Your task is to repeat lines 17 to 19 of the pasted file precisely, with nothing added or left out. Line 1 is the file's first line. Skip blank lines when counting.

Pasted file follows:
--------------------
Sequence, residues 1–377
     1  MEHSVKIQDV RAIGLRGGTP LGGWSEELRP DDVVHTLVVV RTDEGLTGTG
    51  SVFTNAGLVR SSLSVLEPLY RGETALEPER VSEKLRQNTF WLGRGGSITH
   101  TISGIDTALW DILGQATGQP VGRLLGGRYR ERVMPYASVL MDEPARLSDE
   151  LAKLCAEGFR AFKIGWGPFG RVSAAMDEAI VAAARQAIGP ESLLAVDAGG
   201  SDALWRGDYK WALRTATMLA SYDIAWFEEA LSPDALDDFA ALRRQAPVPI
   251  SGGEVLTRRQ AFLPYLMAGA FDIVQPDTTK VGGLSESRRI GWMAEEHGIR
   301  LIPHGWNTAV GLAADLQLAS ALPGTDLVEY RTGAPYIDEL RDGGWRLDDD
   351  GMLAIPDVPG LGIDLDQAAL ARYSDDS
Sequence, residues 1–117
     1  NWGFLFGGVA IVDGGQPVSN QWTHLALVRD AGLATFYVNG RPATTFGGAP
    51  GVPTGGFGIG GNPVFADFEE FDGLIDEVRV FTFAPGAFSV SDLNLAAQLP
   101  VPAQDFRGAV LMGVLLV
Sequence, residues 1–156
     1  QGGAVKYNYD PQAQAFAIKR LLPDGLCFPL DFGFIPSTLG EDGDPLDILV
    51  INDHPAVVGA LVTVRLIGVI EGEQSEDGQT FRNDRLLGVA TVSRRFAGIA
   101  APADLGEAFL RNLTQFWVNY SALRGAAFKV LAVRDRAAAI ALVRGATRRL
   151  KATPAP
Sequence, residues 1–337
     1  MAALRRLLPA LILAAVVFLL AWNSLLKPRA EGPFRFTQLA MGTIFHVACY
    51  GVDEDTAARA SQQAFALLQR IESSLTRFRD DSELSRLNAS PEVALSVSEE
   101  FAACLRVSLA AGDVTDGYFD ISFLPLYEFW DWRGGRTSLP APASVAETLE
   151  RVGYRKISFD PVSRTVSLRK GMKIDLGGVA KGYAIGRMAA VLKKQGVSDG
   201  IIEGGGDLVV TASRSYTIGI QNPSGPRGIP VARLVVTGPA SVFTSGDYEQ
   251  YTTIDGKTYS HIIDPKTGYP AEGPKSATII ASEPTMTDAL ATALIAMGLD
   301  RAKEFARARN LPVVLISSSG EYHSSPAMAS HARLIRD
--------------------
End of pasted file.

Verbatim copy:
   101  APADLGEAFL RNLTQFWVNY SALRGAAFKV LAVRDRAAAI ALVRGATRRL
   151  KATPAP
Sequence, residues 1–337